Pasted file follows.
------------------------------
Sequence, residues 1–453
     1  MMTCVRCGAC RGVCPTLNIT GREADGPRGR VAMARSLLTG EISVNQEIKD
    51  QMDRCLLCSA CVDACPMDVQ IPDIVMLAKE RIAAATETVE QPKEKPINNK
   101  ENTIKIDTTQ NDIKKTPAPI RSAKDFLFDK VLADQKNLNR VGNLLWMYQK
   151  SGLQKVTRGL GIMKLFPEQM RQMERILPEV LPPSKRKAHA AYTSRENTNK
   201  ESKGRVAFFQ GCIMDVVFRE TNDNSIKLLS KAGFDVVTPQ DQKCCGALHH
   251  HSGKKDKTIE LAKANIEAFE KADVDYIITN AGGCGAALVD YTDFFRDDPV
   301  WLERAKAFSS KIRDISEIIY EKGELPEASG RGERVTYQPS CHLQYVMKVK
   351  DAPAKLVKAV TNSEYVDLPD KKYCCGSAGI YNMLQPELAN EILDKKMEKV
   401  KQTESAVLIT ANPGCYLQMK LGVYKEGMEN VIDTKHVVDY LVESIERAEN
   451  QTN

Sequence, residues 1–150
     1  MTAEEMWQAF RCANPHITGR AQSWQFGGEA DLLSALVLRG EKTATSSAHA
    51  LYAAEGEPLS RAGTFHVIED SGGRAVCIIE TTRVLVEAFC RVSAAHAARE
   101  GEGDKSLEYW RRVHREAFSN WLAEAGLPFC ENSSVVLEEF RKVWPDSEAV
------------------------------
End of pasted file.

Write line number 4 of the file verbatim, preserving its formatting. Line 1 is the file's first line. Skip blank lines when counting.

   101  ENTIKIDTTQ NDIKKTPAPI RSAKDFLFDK VLADQKNLNR VGNLLWMYQK